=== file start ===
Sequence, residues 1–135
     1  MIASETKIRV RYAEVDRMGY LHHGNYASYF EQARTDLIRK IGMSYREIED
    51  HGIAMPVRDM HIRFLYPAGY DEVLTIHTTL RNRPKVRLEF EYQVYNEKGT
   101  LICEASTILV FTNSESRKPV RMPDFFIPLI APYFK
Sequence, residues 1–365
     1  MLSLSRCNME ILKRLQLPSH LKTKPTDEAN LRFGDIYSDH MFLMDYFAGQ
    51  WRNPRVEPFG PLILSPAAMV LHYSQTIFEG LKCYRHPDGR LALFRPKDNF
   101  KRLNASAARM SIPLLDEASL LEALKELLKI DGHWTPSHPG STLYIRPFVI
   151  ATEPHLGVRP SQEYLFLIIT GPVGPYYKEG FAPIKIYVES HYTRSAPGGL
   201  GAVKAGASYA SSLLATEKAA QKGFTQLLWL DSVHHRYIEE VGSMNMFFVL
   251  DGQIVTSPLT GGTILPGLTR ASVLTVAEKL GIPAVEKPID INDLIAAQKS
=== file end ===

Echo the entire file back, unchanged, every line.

Sequence, residues 1–135
     1  MIASETKIRV RYAEVDRMGY LHHGNYASYF EQARTDLIRK IGMSYREIED
    51  HGIAMPVRDM HIRFLYPAGY DEVLTIHTTL RNRPKVRLEF EYQVYNEKGT
   101  LICEASTILV FTNSESRKPV RMPDFFIPLI APYFK
Sequence, residues 1–365
     1  MLSLSRCNME ILKRLQLPSH LKTKPTDEAN LRFGDIYSDH MFLMDYFAGQ
    51  WRNPRVEPFG PLILSPAAMV LHYSQTIFEG LKCYRHPDGR LALFRPKDNF
   101  KRLNASAARM SIPLLDEASL LEALKELLKI DGHWTPSHPG STLYIRPFVI
   151  ATEPHLGVRP SQEYLFLIIT GPVGPYYKEG FAPIKIYVES HYTRSAPGGL
   201  GAVKAGASYA SSLLATEKAA QKGFTQLLWL DSVHHRYIEE VGSMNMFFVL
   251  DGQIVTSPLT GGTILPGLTR ASVLTVAEKL GIPAVEKPID INDLIAAQKS